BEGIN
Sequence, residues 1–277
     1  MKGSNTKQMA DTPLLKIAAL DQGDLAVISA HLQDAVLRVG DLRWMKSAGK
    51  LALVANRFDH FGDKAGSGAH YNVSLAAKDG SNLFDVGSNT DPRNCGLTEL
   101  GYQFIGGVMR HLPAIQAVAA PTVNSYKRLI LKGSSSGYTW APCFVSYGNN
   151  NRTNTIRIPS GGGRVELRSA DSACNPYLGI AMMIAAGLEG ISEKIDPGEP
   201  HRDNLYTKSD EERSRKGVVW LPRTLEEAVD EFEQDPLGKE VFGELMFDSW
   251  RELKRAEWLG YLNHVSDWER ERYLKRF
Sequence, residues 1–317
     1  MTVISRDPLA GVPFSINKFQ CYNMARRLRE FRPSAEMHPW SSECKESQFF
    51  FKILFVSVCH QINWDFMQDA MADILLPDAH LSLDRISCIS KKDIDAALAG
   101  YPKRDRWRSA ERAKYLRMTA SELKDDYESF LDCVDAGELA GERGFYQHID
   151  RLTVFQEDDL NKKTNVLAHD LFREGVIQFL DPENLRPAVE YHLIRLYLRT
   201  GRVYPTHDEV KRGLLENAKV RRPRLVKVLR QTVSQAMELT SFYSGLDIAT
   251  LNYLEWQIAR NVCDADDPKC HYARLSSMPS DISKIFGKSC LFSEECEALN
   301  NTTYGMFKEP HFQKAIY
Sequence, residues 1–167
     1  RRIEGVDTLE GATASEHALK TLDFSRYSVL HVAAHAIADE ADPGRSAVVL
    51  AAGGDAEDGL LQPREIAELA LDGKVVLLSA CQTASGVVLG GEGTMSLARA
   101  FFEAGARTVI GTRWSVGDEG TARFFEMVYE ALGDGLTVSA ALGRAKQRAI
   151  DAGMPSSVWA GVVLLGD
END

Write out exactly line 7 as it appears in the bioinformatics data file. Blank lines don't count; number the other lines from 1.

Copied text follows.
   251  RELKRAEWLG YLNHVSDWER ERYLKRF